Beginners Corner - Roots and Trunks

by Dorothy Franz


There are two aspects regarding the roots that we need to look at when we start the development of a bonsai. The first is of horticultural importance - the life of a tree; and the second is the visual importance - the design of the bonsai.

Horticultural importance:

The soil a tree finds itself in is the source of food and nutrients for that tree and in bonsai we provide these nutrients. Our main purpose is to produce growth through encouraging and developing a network of fine roots. This is done during repotting by giving the tree a haircut or a root pruning. Pruning encourages secondary and tertiary roots the same as happens above the ground when one prunes branches. It gets rid of old and dysfunctional roots to be replaced by active feeders through the development of fine root hairs. The fibrous roots are the ones that feed the tree. The thick roots are the storage, which in bonsai are unnecessary as we are providing all the nutrients by fertilising, watering etc. By cutting away the old and encouraging the new, the tree has a perpetual young root system.

Regular root pruning relieves congestion in the pot, thus improving porosity and air circulation. The soil mixture also provides porosity by the stones we mix into our soil.

The amount of ramification one is able to achieve below the soil is directly proportional to the amount of ramification above the soil so it stands to reason that if you achieve a very well developed fibrous root system below the soil you will have a healthy and potentially wonderful tree.

The other function of roots is to anchor the tree, which it cannot do if one cuts off the main thick storage root and one, has no fibrous system. It is sometimes necessary to tie the tree in to the pot when rep otting for the first time because of the absence of sufficient fine roots.

Visual Importance:

In bonsai, the roots nearest the trunk are of great visual importance. It is usually the main reason why one selects a particular view as the front. The spread of these roots is also what visually ages a tree.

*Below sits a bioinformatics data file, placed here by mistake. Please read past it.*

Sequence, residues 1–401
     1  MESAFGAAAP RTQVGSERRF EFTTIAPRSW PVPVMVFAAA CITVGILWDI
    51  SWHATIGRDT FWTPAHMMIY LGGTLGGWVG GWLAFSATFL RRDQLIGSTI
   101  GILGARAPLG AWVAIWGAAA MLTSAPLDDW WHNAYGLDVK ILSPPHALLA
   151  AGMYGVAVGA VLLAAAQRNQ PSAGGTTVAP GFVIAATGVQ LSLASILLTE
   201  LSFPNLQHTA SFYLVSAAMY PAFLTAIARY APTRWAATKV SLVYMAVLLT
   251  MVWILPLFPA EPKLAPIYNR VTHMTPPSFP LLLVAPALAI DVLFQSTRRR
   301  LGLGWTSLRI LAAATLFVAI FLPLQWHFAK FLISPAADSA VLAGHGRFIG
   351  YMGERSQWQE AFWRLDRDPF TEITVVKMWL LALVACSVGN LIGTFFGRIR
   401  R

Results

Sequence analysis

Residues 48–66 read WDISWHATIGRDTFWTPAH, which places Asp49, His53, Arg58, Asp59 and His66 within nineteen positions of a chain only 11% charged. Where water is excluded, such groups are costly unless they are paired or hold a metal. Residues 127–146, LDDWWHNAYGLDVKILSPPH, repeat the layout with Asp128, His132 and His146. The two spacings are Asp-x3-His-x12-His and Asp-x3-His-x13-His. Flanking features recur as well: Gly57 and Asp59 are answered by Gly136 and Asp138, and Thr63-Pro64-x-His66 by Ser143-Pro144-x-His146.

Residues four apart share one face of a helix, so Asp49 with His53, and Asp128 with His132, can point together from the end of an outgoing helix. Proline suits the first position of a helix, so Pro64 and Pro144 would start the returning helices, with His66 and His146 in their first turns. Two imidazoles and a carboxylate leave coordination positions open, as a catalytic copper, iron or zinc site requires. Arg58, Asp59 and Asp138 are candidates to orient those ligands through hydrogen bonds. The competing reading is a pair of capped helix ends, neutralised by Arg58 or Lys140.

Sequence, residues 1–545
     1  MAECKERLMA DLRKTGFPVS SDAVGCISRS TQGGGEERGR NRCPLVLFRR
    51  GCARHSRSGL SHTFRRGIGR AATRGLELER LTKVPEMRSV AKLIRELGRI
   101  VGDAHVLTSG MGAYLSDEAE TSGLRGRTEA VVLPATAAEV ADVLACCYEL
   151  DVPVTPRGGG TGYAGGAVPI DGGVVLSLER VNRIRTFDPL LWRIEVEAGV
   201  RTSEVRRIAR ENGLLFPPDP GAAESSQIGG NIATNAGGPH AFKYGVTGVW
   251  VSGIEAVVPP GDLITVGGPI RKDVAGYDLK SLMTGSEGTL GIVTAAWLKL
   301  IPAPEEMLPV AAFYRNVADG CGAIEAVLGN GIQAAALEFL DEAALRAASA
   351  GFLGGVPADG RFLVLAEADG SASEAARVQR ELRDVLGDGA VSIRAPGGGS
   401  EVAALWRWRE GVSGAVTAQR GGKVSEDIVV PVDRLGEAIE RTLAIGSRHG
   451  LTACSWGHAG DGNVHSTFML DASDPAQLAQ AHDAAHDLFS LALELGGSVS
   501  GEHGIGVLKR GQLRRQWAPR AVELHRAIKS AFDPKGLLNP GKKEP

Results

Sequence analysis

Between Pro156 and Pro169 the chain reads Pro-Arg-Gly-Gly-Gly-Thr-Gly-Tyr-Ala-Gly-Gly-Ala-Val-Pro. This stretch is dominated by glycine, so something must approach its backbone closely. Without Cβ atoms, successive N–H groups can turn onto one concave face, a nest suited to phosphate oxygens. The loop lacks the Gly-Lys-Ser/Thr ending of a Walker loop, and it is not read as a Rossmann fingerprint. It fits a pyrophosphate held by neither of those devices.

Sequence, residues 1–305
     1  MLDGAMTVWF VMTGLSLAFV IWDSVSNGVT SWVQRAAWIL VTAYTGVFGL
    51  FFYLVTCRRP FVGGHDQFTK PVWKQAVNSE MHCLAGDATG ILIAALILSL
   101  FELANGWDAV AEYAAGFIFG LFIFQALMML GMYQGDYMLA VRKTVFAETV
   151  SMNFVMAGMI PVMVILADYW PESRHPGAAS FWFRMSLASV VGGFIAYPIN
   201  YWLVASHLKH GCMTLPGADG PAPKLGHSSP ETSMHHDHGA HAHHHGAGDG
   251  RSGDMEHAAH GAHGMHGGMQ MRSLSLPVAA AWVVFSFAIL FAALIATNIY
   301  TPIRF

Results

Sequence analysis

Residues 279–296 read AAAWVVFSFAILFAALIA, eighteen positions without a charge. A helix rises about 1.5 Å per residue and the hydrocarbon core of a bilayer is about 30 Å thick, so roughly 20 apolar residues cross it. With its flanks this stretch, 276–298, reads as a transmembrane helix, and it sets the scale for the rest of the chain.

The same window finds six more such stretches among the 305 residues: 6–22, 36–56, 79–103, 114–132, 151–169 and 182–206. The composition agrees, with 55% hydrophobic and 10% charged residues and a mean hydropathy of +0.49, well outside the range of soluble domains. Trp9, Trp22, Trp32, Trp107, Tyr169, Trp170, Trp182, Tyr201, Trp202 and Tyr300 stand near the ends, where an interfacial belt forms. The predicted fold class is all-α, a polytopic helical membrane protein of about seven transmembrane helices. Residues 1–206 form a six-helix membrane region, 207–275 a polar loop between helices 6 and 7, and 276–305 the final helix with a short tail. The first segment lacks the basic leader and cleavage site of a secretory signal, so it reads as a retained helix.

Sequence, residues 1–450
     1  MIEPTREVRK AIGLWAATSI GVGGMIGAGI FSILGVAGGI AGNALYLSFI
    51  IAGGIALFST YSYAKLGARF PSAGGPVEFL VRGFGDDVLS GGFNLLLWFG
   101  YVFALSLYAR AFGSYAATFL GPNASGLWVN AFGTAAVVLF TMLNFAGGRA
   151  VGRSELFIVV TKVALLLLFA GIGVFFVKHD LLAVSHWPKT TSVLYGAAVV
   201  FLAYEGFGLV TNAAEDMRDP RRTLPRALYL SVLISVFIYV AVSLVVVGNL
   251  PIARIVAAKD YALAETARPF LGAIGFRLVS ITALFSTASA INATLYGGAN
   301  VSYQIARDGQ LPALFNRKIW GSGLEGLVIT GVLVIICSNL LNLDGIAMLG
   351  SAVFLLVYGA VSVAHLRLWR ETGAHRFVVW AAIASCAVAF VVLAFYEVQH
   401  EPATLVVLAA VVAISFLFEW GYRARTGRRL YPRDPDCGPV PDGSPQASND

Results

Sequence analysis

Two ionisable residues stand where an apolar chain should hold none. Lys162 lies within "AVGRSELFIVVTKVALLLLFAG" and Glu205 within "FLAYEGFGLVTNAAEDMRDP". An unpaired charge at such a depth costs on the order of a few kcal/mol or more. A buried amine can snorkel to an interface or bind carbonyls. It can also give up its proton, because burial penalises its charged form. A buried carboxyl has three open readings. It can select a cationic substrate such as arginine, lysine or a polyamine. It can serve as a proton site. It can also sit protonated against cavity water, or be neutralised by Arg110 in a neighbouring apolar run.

When selecting material your first consideration is what lies beneath the soil. This will give you an idea of the size of the base. The base should create a feeling of stability and power, as it is the part that visually anchors the tree to the ground. One should be able to see the beginning of the roots at the base of a tree and they should fan out. This creates a very powerful impression. A buttress at soil level is also the beginning of the taper of the trunk.

How to achieve a good root spread:

In young trees you can tease out the roots and spread them. Applying fertiliser round the edge of the pot encourages roots towards the fertiliser. Placing the tree in a large shallow container and/or placing a flat plate of some sort under the base will force roots to spread out horizontally.

In older trees you can wire the offensive root in a better position. Roots make bark when they are exposed to air and light and become thicker. To create a more pleasing look split a thick root in two and place an obstruction like a stone, piece of wood or cork in between to keep the sections apart.

Encourage thickening in a particular root by allowing a branch to grow just above the root a little above soil level.

This will cause thickening immediately below it.

Making longitudinal cuts right through to the hard wood will cause the cambium to expand forming scar tissue and more rapid thickening will take place.

There are several ways by which one can encourage roots where there are none.

  1. Method 1 -Grafting. The easiest way is to make an approach graft. The best time to do this is in spring. One cuts a "v" in the trunk where you want a new root. Obtain a rooted seedling of the same species. Apply root hormone to the cut-out and place the seedling in the "v". It should fit in snugly. Bind it well or screw them together with brass screws. Seal all around the wound and allow it to grow for a season. This method is particularly successful with deciduous trees. It will take considerably longer with conifers.
  2. Method 2 - Drill holes. Drill two or three holes in the trunk where you need roots. Apply root hormone to the end of a matchstick and plug the holes. Cover with soil and wait until roots appear. Holes must be plugged and covered otherwise they will just callous over.
  3. Method 3 - Split the bark. By splitting the bark and lifting it gently instead of drilling holes one can achieve the same result. Again apply root hormone, place a pebble to keep the flaps lifted and cover with soil.

If the tree doesn't have enough of a splayed base you can improve it by splitting it in two. Cut from underneath the root ball. Take out a section and ease the two sections apart. Insert a plug to ensure that they stay apart.

To sum up, the aim is to have strong surface roots of differing thicknesses, radiating out at irregular intervals from all around the base of the trunk at ground level. Below the surface the roots should subdivide into secondary and tertiary roots forming a network of fibrous roots to sustain the tree.


Horticultural Aspect

The trunk of the tree has two main functions from the horticultural point of VIew.

  1. To support the tree, it's branches and flowers.